6 Hotspots for Social Impact in Asia: Key Trends and Players


Sangeetha Watson


Co-Author: Amanda Kee

4 min read

Inclusive Business (IB) is a novel concept in Asia, but highly relevant. Aiming to catalyse social impact in a financially viable way, it provides opportunities for private and public sector players to work alongside communities at the bottom of the pyramid (BoP) to enable sustainable livelihoods for all.  

For the BoP, IB models offer income generation opportunities above the market rate and/or expand access to essential goods and services. Likewise, for companies, IB models not only offer higher-profit business and investment opportunities, but also greater visibility as a member of the community. It is also a chance to access new markets and foster innovation. This is promising for governments as IBs make economic growth more inclusive for the BoP on a systemic level. By stimulating job creation and addressing essential needs of the poor at scale, IBs can lift people out of poverty.

Four key questions to assess whether a market is primed for IB growth are: 

  • Where are the employment opportunities for those at the base of the pyramid?
  • Are there any exemplary IBs paving the way in the market?
  • Who are the important players and networks that you should know?
  • Does the market provide an enabling ecosystem through its policies developments, intermediary activities, and more?

Here is our assessment of 6 markets in Asia that are paving the way for inclusive business. 


As the poorest country in Southeast Asia, Cambodia presents a great opportunity for impact investors and corporates looking to explore IB models. Despite great strides in poverty reduction in recent years, the Asian Development Bank estimates that almost 70% of Cambodians still live on less than $3.20 a day. A 2019 landscape study by UNESCAP and IBAN  identified 20 real and potential IBs in the agribusiness, insurance, microfinance and energy services. Given the necessary support, these IBs have the potential to create 100,000 new income generating activities and provide housing and related services to 70,000 low-income households. 

A leading IB in Cambodia is Amru Rice – a miller and milled rice exporter working with 60 agricultural communities and more than 10,000 families under contract farming schemes. In 2019, Amru Rice signed a $10 million loan agreement with the International Finance Corporation to expand warehousing and organic rice milling facilities and purchase paddy (unmilled rice) from farmers. Another leader in the space is Solar Green Energy, which brings affordable solar energy solutions to rural residents and educates  rural communities on renewable energy solutions.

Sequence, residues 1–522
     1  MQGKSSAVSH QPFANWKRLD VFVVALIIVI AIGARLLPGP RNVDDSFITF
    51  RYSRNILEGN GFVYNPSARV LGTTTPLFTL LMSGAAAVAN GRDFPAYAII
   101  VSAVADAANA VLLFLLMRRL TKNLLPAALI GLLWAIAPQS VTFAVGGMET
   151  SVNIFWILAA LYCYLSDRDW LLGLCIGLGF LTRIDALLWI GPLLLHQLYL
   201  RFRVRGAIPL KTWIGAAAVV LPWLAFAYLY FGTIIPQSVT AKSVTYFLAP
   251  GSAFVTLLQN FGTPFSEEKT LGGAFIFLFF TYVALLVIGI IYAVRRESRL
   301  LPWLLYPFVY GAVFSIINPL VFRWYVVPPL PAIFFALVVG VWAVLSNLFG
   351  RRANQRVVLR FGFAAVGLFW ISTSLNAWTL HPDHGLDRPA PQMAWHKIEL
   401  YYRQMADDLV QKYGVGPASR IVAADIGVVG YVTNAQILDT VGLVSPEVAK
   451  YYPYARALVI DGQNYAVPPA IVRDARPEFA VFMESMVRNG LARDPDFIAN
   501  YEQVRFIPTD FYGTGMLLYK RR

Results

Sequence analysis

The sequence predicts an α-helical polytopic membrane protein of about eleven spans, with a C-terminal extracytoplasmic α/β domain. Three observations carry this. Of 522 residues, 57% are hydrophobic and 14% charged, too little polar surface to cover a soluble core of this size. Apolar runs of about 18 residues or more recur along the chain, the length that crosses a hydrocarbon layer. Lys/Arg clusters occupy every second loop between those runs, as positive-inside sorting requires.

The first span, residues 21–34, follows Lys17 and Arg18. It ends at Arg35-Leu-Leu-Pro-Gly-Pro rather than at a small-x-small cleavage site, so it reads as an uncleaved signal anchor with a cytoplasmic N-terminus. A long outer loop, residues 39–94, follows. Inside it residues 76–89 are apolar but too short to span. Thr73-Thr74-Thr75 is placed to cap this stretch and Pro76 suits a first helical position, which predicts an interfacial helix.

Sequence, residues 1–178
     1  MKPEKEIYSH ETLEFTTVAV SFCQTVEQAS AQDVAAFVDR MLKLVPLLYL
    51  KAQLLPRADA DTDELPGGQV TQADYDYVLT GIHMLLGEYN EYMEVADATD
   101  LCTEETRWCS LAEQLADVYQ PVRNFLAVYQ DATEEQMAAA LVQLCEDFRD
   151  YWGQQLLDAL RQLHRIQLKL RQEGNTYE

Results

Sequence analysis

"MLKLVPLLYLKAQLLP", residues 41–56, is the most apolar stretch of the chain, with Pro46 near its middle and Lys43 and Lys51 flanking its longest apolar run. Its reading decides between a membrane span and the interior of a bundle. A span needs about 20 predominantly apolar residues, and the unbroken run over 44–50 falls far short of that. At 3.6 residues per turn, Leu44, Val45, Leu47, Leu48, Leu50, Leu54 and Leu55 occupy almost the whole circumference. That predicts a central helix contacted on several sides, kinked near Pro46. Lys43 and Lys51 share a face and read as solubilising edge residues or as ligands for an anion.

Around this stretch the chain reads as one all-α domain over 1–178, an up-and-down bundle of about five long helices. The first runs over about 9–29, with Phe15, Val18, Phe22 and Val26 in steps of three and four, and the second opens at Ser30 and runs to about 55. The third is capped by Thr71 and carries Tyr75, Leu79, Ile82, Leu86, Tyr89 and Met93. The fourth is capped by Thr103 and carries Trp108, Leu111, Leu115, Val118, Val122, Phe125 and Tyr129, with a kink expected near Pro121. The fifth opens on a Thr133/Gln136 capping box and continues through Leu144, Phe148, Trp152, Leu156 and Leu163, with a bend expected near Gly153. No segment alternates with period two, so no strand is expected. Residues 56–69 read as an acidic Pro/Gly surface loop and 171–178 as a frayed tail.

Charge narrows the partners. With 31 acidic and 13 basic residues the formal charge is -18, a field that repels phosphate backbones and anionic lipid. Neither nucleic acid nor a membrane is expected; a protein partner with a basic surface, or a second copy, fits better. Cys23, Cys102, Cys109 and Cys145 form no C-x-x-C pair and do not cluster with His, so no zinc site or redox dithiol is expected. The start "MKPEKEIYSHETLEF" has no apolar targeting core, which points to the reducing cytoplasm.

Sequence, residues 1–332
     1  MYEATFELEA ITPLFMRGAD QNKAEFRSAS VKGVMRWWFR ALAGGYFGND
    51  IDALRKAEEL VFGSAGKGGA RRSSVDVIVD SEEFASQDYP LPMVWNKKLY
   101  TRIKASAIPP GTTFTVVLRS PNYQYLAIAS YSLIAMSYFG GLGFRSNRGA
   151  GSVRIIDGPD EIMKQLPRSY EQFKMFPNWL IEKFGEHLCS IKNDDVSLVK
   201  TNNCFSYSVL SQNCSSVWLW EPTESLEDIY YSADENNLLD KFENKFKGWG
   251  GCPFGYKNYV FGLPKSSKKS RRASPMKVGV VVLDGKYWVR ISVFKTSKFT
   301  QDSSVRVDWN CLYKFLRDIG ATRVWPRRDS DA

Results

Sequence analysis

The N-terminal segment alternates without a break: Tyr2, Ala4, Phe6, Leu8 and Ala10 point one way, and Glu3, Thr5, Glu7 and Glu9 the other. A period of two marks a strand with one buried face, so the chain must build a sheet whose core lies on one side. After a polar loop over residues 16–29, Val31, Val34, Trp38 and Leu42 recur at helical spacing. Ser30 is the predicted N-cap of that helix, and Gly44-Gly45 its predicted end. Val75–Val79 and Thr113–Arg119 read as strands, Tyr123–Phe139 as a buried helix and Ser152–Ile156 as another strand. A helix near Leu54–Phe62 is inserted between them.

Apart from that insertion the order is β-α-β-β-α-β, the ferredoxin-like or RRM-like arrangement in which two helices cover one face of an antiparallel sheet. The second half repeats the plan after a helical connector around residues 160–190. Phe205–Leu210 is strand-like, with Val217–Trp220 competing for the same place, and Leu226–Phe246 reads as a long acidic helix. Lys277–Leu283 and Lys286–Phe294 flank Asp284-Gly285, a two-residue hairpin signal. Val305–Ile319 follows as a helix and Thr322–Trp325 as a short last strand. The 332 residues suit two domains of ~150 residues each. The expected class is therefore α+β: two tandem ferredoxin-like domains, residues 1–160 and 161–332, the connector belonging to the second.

In August 2019, the first Inclusive Business Forum for Cambodia was organised by the government, UNESCAP and iBAN. In this forum a preliminary IB strategy, Inclusive Business Enabling Environment for Cambodia (IBeeC), was introduced, with a focus on creating a technical assistance facility to build the capacity of potential and existing IBs. Plans are also underway to establish a national accreditation system for IBs as well as a risk-reduction fund to facilitate impact investment. This fund is likely to be supported by the Ministry of Economy and Finance under its new SME Bank and/or the Entrepreneur Development Fund, minimising the volatility associated with investing in such a nascent space. 


Indonesia has the biggest BoP market in Asia, second only to China. This presents a market opportunity of over USD 120 million or 49% of total national consumption. In a country where agriculture contributes to almost 14% of its GDP growth, it’s not surprising that more than half of the IB models in Indonesia are agribusinesses. 

A prominent example is Nutrifood. Nutrifood is an innovative company that manufactures and markets international-quality health foods and beverages under leading brands. It collaborates with communities in spreading the practice of healthy lifestyles, implementing eco-friendly business practices and empowering youth to be leaders. 

Smaller IBs are aplenty. Vasham, which assists smallholder farms with financing, technical expertise and income security, has created a vertically integrated agribusiness model that can be replicated by smallholder farmers. Outside of agriculture, wellness and tourism are other areas to which the Indonesian government wants to direct more IB resources. 

An enabling policy ecosystem is also taking shape to promote IB in the archipelago. In April 2016, the government set up the IB and Innovation Task Force to explore IBs in the agri-commodity sectors of onion, chilies, fisheries, and forestry. In the absence of dedicated IB legal frameworks, strong CSR laws and requirements have been implemented to encourage greater disclosure of corporate environmental, social and governance performance. This provides a framework and stepping stone towards developing IB policies.  

Some ecosystem enablers include New Ventures Indonesia, which supports  the development of dynamic environmentally-sustainable and socially responsible small and medium enterprises.  

In collaboration with Instellar, DBS Bank Indonesia will host a four-month long SE Bootcamp 2019 programme, titled ‘Strategic Finance for Scaling Up Impact’. This initiative will build the capacity of social entrepreneurs and increase their business impact through social innovations. At the end of the programme, two social entrepreneurs with the best performance during the programme will have the opportunity to win DBS Foundation – Instellar Social Impact Prize worth SGD 20,000.